The flame licked Carter palpably, forcibly, hot, full of passion as the rug unrolled on the floor in front of him. He fell to his knees to examine the patterns more closely. They exuded a heat he could only associate with ... experiences ... distant from this one. But equally incomprehensible. He had never been able to understand the ways of his own heart, much less why it had been broken. Badly. Twice. Where is the pattern?
"Do you know where it's from?"
"No, just that my mother bought it in the '20s or '30s in New York and had it since then. After she died, I got all of her rugs." Amy waved a hand at the other oriental carpets on the floor. "But I don't know where it's from. I asked at Kasim's when I had it cleaned, and all he said was that it is unique."
Robert hauled himself back onto his two feet and stared down at the rug from all of his five feet nine inches. His gray blue eyes were wide in wonder under his full black eyebrows. Thirty-five, daily running and exercise routines--and under that, pain that he tried to hide from the world-chiseled his face. The fire pulsed out of the center of the rug, reaching out to him, through him, engulfing him. The last thing in the world you need is a rug to collect dust. Unbidden, his hand grasped the checkbook in his shirt pocket.
"How much did you say? For the rug and the television?"
"Robert Carter," she read from the check. "Oak Park. Good." Amy smiled at her husband again and added, "You'll enjoy it. May it bring you good fortune."
Feeling a little stupid, like he'd just fallen for a con trick, Robert returned to the subway station to get back to work before the end of his lunch break.
That evening Robert picked up the rug and the television in his car and connected the television to the cable and the power. He let the rug stand rolled against the wall like some giant cigarette while he watched shooting, shouting, chasing, kissing, and talking. Through all of it he saw the rug out of the corner of his eye as it pulsed and strained against the constraining cord. When he turned to focus on the rug it stood calmly, invitingly, waiting.
Finally he gave in and took the twine from the roll and unfurled the rug. Little geometric forms filled the borders and center. Every square inch squirmed with moving shapes, forms and patterns. The fire from the middle filled his mind and body. After staring at the rug for half an hour, he got on his hands and knees and to examine it up close. He started to feel dizzy, like kid too long on a merry-go round, who continued to push it because it felt good. He staggered to his feet. He didn't know how he could live with this thing pulsating in his living room.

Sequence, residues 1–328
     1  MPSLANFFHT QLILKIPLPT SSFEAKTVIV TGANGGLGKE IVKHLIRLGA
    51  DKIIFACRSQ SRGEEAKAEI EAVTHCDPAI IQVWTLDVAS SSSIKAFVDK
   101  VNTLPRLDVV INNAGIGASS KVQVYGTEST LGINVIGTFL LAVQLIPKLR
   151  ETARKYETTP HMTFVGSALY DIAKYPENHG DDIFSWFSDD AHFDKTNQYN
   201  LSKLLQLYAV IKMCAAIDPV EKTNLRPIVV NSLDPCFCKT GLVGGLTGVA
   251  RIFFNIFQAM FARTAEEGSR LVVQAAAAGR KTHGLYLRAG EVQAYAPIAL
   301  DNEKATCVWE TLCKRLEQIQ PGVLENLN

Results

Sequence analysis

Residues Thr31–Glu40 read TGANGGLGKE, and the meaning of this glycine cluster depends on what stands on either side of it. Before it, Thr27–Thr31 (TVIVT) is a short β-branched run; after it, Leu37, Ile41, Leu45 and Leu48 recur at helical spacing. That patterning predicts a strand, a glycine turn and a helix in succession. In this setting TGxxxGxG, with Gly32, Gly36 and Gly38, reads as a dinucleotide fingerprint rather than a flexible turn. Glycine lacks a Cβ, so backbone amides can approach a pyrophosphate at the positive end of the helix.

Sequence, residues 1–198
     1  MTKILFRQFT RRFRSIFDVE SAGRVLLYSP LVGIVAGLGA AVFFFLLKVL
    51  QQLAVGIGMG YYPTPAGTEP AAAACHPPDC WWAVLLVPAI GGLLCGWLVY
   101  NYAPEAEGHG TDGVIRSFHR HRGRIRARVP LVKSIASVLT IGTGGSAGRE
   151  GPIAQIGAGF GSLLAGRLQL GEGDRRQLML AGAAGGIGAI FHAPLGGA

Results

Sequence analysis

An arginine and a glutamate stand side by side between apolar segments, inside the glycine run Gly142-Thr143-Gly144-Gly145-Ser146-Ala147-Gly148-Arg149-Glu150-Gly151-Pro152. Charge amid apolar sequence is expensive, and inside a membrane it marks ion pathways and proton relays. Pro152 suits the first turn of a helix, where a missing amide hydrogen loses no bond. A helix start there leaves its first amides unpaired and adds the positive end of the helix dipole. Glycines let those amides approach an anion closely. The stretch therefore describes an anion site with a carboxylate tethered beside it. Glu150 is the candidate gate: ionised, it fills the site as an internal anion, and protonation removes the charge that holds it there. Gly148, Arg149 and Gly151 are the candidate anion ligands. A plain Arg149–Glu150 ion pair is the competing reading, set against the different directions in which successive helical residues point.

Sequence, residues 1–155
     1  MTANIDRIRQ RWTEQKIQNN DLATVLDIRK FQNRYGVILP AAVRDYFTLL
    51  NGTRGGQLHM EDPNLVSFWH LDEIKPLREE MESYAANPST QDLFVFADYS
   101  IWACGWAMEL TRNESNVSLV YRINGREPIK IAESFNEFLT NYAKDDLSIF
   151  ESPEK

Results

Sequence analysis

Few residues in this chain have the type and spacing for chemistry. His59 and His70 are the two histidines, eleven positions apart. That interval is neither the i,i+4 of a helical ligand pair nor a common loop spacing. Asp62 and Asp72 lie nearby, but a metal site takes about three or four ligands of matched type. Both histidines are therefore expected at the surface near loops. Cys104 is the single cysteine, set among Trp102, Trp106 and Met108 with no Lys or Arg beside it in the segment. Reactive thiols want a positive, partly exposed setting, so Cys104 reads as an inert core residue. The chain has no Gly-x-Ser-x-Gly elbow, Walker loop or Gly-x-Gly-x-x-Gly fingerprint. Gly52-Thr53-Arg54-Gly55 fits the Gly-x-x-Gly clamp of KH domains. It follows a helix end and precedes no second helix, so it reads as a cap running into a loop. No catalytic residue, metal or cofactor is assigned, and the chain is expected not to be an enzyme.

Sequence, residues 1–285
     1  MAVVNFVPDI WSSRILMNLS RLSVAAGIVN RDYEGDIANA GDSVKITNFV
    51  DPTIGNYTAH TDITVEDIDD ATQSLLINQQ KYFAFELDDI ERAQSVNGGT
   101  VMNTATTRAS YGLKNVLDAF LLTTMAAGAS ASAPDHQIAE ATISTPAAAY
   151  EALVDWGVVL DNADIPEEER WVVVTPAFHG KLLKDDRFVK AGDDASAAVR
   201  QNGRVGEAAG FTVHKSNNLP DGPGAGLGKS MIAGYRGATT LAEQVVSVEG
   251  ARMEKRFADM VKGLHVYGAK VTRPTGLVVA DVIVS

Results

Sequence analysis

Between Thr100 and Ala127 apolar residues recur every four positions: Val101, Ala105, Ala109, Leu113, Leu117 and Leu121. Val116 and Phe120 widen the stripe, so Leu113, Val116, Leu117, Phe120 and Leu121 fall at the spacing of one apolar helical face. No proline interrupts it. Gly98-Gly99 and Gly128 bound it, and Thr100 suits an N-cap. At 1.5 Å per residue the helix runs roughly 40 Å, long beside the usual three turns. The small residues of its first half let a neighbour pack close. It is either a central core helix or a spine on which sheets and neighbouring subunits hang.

Was that laughter? Where? Must be the new neighbors in the condo across the hall.
The next morning the rug seemed to have calmed down and by evening, when he returned from work, it had settled into the center of his living room. From a few feet away it appeared more stable, less full of movement, less frenzied. He stood, rooted, and stared at the rug, drawn into it until the phone rang.
"I ... uh ... called ... Mrs. Fields gave me your ... that is I wanted to ask..." I'm stammering like an idiot. "...about the rug you bought. You bought a rug? From Mrs. Fields?"
"Yes, it's a beautiful rug."
His voice sounded like rain on her bedroom window on an autumn evening at sunset. How can I be logical and concise with that voice in my ear? Her stomach quivered with a vibration that spread through her body.
"I was wondering if ... that is..." Stuck again. Idiot, Idiot, why did you even pick up the phone.
"My name is Jazmine Solomon. I was thinking ... that is ... I was wondering ... if I could possibly see it ... sometime?"
"Sure, I'd be happy to show it to you. If you know anything about rugs, I'd like any help you could give me."
"Help?" How could a person need help with a rug? A person with a voice like this that melting my mind-and my body-over the telephone can't need help.
"Well, I'm not doing anything tonight. I was just wondering about this rug, thinking about getting a book from the library or going online or something to see if I could find out something about it."
"Have you eaten supper?"
"Do you like Chinese food?" I should have offered to bring Lebanese food or something Mideastern. What made me say Chinese?
"How about Mu Shu chicken and tofu with broccoli? I can bring take out and be there in an hour."
"I'll have the table set with two pairs of chopsticks," he laughed. The laugh reminded her of the sound of a brook running gently over well-smoothed stones. He's probably married. But Mrs. Fields made a point of saying he wasn't wearing a ring.
"Do you like red wine?" he asked with a hint of the laugh lingering on his voice.
"Ok, see you in about an hour?"
Whew, that worked out okay even if it got off to a slow start. Her knees had turned to liquid.